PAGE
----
derstood with some restriction. For, if the tenant at will sows his land, and the landlord, before the corn is ripe, or before it is reaped, puts him out, yet the tenant shall have the emblements, and free ingress, egress, and regress, to cut and carry away the profits (d). And this for the same reason, upon which all the cases of emblements turn (14); viz. the point of uncertainty: since the tenant could not possibly know when his landlord would determine his will, and therefore could make no provision against it; and having sown the land, which is for the good of the public, upon a reasonable presumption, the law will not suffer him to be a loser by it. But it is otherwise, and upon reason equally good, where the tenant himself determines the will; for in this case the landlord shall have the profits of the
What act does, or does not, amount to a determination of As to what de
terinines the the will on either side, has formerly been matter of great will. debate in our courts. But it is now, I think, settled, that (besides the express determination of the lessor's will, by declaring that the lessee shall hold no longer: which must either be made upon the land (f), or notice must be given to the lessee) (g) the exertion of any act of ownership by the lessor, as entering upon the premises and cutting timber (1), taking a distress for rent and impounding it thereon (i), or making a feoffment, or lease for years of the land to commence immediately (k); any act of desertion by the lessee, as assigning his estate to another, or committing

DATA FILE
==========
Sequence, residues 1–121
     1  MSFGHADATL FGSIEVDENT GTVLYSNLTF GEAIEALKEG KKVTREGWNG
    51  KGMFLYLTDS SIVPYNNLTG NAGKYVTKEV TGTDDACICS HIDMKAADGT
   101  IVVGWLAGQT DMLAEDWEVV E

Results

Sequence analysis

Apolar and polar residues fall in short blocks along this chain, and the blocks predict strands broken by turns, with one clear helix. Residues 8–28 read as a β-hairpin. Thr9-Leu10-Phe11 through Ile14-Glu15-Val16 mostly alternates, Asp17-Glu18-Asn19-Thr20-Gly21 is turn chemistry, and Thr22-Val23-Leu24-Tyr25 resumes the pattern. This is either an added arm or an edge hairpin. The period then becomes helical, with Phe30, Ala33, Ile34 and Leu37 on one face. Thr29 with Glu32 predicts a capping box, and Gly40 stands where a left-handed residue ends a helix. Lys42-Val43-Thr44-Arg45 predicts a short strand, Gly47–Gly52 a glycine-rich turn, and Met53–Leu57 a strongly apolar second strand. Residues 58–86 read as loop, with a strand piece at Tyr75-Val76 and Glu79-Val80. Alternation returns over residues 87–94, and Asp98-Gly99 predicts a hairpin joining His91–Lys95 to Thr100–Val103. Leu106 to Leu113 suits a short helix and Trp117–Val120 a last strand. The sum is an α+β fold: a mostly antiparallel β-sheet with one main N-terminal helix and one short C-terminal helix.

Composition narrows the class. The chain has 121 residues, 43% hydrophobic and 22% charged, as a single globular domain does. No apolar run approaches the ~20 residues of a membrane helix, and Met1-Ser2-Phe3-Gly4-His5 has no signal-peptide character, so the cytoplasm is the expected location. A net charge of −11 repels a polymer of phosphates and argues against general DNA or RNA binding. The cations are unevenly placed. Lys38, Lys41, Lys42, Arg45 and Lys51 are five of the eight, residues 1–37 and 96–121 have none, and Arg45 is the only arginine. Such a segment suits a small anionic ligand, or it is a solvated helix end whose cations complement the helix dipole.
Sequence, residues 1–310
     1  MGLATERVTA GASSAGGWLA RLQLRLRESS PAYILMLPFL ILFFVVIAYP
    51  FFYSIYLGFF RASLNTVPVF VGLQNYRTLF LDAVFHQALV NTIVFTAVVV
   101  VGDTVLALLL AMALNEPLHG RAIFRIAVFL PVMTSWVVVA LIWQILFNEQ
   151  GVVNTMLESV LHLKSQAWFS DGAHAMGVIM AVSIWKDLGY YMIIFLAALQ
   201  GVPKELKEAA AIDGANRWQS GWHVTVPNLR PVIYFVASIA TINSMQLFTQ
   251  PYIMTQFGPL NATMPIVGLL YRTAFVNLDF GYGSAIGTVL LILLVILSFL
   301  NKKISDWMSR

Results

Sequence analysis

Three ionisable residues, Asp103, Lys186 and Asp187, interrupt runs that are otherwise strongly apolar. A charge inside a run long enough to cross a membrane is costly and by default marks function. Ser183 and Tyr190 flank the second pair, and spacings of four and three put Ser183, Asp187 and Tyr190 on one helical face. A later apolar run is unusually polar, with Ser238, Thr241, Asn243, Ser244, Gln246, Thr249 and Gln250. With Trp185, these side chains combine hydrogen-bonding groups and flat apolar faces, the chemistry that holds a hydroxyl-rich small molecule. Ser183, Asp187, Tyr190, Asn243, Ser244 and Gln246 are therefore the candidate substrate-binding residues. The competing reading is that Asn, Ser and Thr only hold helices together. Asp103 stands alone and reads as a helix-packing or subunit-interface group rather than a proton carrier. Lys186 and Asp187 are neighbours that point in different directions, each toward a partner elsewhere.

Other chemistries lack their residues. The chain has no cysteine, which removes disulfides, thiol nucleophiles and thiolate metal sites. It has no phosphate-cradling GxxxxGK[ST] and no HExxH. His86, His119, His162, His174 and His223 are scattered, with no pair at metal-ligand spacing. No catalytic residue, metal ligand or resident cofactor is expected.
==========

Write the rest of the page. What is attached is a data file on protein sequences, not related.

(d) Co. Litt. 56.
(1) Co. Litt. 55.
son is alluded to in Johnstone v. Hud- though it be expressed in the grant to
waste, which is an act inconsistent with such a tenure (1); or, which is instar omnium, the death or outlawry of either lessor or lessee (m); puts an end to or determines the estate